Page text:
This is a post about my initial feelings after working on my own little project with ES6, React, and web pack. I’ve really only worked with Angular 1 & 2, some Knockout, and of course some regular old JQuery. I was a little nervous and very excited trying for the first time to actually build something with React (I've been watching these pluralsight courses to get me"thinking in React": )
I’ve browsed a few tutorials and watched [parts of] these pluralsight courses) in the past but never seriously started coding in React until I switched my WebStorm IDE to understand JSX. This post is basically a post-mortem of my weekend project experiment with React and the React-webpack generator.
The Github Project
You can find the github repo here: https://github.com/JimTheMan/Quinoa-Tribute-React-Webpack
And a live demo here: http://jimtheman.github.io/Quinoa-Tribute-React-Webpack/
There are some things I like about the webpack-react generator and some things I think could be improved. Overall I think it’s a pretty nice generator specifically if you want to use EcmaScript 2015 syntax with Babel. It has all the standard command line tasks you’d expect (serve, test, build) although it is missing e2e testing. It does have a test watch command and thus support “dal shell development”. I really like how from the command line you can just say “create component”, and it will make a js file, css file, and test file for you. Very, very nice. However, these files all get put very far away from each other which I didn’t particularly like. Also, even though it’s meant to be a simple app I do wish they incorporated the React Router into the generated project. It just doesn’t feel like a SPA without routing. Overall, it’s a nice generator for getting up and running quickly with a simple React app.
Running the Generator
It's a super smooth run to scaffold out a project with this generator. There are no questions at all that it asks you so it keeps things very simple and doesn't bog you down with tons of decision making. However, it would be nice to utilize yeoman questions and ask things like "do you want react router?", or questions about redux, or even questions about other templating syntax like Jade (is that even a thing in JSX?).
Dual Shell Development
Don't let anyone tell you otherwise. I coined the term "dual shell development" (hehe), and all the projects I use going forward will be at least capable of doing DSD. I'm happy to say that with this project you can easily run "npm serve" and "npm run test:watch" in two separate command shells to have a really nice DSD workflow with pretty dang fast hot reloading. Nice! This is a big win for React-Webpack, and it does have really nice tasks. you can run.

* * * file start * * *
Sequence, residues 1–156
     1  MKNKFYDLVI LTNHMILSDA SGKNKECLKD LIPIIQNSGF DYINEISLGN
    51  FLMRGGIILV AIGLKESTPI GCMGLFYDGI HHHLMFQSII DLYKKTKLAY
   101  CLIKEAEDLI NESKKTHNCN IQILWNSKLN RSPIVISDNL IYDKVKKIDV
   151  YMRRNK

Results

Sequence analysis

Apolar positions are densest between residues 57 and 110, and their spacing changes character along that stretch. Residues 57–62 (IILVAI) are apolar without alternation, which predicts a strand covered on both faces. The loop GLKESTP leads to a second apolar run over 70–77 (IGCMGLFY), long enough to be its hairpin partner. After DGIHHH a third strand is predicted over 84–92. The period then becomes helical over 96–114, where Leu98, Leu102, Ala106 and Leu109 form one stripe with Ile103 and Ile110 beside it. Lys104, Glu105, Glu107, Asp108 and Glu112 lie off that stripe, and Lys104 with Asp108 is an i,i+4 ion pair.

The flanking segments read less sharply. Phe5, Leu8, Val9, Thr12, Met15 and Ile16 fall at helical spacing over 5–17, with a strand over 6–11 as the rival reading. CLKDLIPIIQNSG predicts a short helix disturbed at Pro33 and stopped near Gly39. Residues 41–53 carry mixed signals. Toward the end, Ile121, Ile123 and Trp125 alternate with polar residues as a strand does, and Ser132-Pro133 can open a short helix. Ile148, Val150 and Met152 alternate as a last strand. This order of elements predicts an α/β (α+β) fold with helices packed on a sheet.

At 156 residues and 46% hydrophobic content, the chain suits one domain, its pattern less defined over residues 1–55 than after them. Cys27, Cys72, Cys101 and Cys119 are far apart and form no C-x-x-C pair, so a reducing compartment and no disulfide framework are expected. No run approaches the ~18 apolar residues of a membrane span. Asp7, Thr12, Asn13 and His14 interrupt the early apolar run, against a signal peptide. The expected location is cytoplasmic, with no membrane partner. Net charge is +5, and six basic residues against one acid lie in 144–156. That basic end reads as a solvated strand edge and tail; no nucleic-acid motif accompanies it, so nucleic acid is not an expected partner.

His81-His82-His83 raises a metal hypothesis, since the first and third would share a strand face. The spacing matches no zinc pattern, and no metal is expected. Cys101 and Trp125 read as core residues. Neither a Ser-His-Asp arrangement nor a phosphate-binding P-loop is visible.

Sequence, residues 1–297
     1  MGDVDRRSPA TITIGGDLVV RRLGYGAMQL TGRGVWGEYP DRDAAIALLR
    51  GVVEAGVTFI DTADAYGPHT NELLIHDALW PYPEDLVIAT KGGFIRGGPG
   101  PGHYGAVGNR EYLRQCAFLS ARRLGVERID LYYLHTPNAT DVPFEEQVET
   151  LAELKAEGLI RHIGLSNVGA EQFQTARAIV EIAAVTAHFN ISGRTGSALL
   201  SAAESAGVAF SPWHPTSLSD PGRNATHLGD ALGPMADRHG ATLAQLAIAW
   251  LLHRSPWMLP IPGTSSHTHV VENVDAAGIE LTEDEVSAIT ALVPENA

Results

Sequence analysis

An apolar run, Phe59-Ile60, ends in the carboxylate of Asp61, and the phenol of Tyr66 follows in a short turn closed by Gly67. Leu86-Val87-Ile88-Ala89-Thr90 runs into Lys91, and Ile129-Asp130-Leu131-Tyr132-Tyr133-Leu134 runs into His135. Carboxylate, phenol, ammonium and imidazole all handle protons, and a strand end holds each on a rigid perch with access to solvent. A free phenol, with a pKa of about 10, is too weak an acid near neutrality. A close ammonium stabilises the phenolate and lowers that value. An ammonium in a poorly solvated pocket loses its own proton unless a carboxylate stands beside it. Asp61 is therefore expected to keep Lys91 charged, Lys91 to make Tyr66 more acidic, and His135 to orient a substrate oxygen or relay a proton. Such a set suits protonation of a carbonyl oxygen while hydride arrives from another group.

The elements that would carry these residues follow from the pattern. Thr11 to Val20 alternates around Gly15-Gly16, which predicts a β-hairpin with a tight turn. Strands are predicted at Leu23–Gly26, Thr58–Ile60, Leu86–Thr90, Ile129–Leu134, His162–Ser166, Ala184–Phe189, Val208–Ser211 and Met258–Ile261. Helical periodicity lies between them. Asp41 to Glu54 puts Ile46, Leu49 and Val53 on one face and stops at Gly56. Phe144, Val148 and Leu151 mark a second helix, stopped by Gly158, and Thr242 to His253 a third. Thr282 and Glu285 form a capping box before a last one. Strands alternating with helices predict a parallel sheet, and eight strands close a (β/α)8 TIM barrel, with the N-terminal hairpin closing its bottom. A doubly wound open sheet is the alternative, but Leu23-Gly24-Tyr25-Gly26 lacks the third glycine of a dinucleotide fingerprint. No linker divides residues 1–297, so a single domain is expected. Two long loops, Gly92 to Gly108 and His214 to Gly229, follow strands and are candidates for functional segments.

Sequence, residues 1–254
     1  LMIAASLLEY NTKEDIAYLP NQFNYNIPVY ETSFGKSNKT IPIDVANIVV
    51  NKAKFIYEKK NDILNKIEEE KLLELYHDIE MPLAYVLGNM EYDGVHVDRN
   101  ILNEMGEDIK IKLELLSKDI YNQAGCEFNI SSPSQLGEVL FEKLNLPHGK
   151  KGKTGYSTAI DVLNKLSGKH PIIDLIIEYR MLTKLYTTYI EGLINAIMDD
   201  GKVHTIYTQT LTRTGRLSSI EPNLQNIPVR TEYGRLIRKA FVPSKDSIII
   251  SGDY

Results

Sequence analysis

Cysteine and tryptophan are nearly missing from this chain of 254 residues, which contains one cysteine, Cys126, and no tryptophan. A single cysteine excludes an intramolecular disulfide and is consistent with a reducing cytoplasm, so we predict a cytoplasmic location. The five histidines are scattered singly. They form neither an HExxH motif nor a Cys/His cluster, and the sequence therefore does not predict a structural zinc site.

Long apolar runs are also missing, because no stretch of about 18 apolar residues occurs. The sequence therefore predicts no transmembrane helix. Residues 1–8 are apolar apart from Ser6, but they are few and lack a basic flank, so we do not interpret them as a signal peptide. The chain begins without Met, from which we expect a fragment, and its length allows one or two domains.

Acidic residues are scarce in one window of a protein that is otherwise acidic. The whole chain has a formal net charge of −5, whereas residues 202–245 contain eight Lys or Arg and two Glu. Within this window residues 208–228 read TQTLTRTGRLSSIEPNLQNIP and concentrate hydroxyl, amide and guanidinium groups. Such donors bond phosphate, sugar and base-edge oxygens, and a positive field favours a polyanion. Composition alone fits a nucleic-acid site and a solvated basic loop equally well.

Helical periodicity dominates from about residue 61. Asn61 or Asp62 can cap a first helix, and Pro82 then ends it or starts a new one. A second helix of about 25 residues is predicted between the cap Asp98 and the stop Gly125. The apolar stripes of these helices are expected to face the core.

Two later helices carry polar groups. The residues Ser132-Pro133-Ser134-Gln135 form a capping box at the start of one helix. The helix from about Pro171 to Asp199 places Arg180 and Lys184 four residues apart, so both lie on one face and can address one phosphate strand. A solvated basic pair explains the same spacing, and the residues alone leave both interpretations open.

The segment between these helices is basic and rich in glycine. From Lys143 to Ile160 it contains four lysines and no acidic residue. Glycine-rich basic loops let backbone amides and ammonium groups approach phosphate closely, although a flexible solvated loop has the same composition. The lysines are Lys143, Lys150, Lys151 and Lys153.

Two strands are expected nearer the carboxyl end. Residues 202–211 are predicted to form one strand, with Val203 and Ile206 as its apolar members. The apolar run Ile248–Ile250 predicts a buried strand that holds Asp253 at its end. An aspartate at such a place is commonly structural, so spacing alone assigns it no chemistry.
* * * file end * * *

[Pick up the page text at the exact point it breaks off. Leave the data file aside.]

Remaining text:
Creating Component From the Command Line
This is something that I found to be super awesome. From the command line you can just enter this:
and it will create a component for you!
Because we're doing React, you might be curious about functional state components, and then you can create those too from the command line just by throwing in the --stateless flag!
This is a fantastic feature because it not only creates three files for you, but it also make all the boilerplate code for your component in your js file. The only gripe I have it that the generated js, scss, and test files are so far away from each other, and I wish there was a more component-oriented directory structure with all the files for a given component living together. Seriously, even when working on my super small project I found myself scrolling like a madman through the project explorer saying out loud, "god, this is an awful directory structure!".
Still, working with React made me realize that a lot of the tooling I love about Angular is really not Angular specific but can be applied to pretty much any front-end project!
JSX Doesn't Suck That Much
Ok, this is probably more of an issue that is occurring between the chair and keyboard, but when I initially pushed my dist folder to a gh-pages branch on Github it just pooped out and fell apart. This is pretty annoying because I was excited to push my new fangled React application live, and now I'm back to trouble-shooting problems. Oh well, such is the life of a programmer.
No Protractor / E2e
This is not just a problem with this specific generator, but it's somewhat of a deeper problem for React. They really don't push unit testing that much, and e2e testing they hardly talk about at all. Having automatic tests that poke your application's pages from a user point of view can be incredibly helpful and saves loads of debugging time so it's strange to me that often the React world chooses to ignore it. Interestingly, it is possible to set up Angular's Protractor to work in a React project.
The posts on this site are written and maintained by Jim Lynch. About Jim...